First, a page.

WASHINGTON — IN 1981 Robert Schenkkan was an actor in Louisville, Ken., when a friend took him to visit the Cumberlands in southeastern Kentucky - a section of Appalachia where streams have carved narrow, steep-sided valleys into the mountains. There Mr. Schenkkan witnessed extreme poverty just steps away from palatial retreats; breathtaking scenery next to strip-mined land that resembled the surface of the moon. The contradictions he saw inspired him to write ``The Kentucky Cycle.''
The story tells of three fictional Kentucky families whose lives become intertwined from 1775 to 1975. The play, which started in Seattle, moved to Los Angeles, and is now playing for two months at Washington's Kennedy Center for the Performing Arts, is headed for its Broadway debut in November. It is the first production to have won a Pulitzer Prize (in 1992) before a New York engagement. The play is also unusual because of its length - 6-1/2 hours. Audiences can see it over two consecutive nights or in one marathon showing with a three-hour break.
``The Kentucky Cycle'' is actually a series of nine one acts in which a team of 12 main actors and eight minor players portray 70 characters. The saga covers a number of events and issues, including the white settlers' discovery of the Cumberlands, the relocation of native Americans, the Civil War, the exploitation of the region's people and resources by the coal corporations, and the legacy of poverty. Although it is set in Kentucky, playwright Schenkkan says the story is about many places.
``It's about American themes; it's not about Kentucky themes,'' he says.
Schenkkan draws on research by the late author Harry Caudill. Schenkkan says that Caudill considered the Cumberlands ``as a warning, and that's what interests me. He described them as a social laboratory for the rest of the country.... The ideas of social movements and social problems certainly are now not limited to that part of the United States. We all face the same problems.''
After Schenkkan's visit to the region, he began immersing himself in first-person and historical accounts of the Cumberlands. Unable to find a way to write about them, he set his research aside for two years. As a wedding present for his wife, he wrote one play, and followed it with a second. Both were well-received in Los Angeles, and the Mark Taper Forum's new works festival asked Schenkkan to join a workshop. The play didn't receive its world premiere until 1991, when it was produced by the Intiman Theatre in Seattle. It was picked up again by the Taper Forum, where it broke box-office records.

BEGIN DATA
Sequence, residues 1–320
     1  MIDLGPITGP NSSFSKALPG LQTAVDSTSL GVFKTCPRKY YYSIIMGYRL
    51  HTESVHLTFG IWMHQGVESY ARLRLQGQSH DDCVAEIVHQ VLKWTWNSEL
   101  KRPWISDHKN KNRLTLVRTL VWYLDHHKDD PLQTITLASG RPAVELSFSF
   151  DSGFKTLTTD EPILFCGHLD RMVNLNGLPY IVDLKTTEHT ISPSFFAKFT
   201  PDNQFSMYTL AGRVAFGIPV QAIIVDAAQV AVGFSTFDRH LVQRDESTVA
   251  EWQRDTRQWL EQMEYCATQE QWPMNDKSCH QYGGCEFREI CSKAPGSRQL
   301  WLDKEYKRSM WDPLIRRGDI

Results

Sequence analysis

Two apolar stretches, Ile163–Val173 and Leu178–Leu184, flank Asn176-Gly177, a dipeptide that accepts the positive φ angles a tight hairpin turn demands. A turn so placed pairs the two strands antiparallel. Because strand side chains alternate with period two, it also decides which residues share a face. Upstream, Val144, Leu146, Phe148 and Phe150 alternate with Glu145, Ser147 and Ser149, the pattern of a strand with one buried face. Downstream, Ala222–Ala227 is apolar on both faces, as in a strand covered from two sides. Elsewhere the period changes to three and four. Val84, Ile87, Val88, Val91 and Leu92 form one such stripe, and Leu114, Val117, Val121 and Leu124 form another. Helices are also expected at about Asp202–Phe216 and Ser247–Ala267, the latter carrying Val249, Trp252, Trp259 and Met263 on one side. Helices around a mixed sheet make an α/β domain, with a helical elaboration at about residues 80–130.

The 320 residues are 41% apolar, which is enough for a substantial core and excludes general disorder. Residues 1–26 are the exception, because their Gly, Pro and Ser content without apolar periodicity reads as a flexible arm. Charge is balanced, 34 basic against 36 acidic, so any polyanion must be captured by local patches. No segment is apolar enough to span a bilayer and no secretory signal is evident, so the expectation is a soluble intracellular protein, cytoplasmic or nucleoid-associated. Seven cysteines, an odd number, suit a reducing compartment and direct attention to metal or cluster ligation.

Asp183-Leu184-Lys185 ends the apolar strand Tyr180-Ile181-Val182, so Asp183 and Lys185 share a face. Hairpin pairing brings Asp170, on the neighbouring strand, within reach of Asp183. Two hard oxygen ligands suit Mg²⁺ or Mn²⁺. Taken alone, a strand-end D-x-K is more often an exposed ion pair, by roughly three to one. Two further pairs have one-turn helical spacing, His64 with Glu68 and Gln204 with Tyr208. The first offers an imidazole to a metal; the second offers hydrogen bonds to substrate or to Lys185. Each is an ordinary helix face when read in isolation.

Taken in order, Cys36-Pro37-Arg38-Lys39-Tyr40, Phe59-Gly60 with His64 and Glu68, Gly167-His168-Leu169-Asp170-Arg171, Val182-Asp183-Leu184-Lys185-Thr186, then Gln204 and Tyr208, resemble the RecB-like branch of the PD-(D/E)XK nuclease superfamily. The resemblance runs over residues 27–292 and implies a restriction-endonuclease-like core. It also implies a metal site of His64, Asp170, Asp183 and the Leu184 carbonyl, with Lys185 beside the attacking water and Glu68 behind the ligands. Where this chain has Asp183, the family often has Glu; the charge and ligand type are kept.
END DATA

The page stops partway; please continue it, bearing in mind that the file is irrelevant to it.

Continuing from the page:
``It's a huge undertaking,'' says director Warner Shook. ``Many artistic directors we went to didn't have the vision or the courage to see the potential.''
Because the play is meant to focus on the story and the actors, the set is sparse and simple. It consists of a wooden oval with a rectangular pit full of an earth-like substance. Scaffolding and a platform surround the stage. Underneath the scaffolding are benches where the actors not involved in the immediate drama sit. One of the biggest challenges ``was coming up with a physical production that would house those nine plays ... to include 200 years of history,'' Mr. Shook says.
Many of the actors have been with the production since its first performance in 1991. TV, movie, and Broadway actor Stacy Keach is performing in the Washington and New York performances.
Schenkkan says drawing audiences is a challenge because of the length and the ticket price. Orchestra seats run $100, though a variety of prices are available. Still, the play has received standing ovations. ``The passion of the piece speaks to people,'' Schenkkan says. ``It's rare that we see a family drama played out over 200 years, over so many generations. I think for audiences that's one of the things that's so provocative. It almost invariably brings one around to one's own family and considerations of the psychological and emotional legacies that have been bequeathed.''